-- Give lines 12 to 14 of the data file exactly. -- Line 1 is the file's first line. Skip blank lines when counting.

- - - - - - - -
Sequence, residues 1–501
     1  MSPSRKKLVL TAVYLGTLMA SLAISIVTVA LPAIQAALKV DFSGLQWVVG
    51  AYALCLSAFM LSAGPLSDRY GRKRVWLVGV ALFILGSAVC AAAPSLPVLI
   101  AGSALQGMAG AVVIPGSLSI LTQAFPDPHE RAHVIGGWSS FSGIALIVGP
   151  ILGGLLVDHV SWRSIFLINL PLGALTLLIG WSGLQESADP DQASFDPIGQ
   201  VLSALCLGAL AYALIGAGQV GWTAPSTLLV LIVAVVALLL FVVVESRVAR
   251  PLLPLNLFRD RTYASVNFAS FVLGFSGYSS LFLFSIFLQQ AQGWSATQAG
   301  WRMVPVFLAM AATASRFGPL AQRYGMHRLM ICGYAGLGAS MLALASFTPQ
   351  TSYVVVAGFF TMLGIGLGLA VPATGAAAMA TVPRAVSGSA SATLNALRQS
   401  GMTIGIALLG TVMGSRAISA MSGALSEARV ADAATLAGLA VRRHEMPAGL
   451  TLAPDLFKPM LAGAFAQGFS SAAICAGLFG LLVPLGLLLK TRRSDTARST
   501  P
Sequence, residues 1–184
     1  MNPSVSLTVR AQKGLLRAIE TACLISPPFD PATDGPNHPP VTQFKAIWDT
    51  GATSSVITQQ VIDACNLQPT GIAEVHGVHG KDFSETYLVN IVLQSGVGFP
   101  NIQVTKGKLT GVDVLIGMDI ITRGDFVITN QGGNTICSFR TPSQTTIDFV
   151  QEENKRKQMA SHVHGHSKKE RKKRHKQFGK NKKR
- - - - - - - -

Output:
   501  P
Sequence, residues 1–184
     1  MNPSVSLTVR AQKGLLRAIE TACLISPPFD PATDGPNHPP VTQFKAIWDT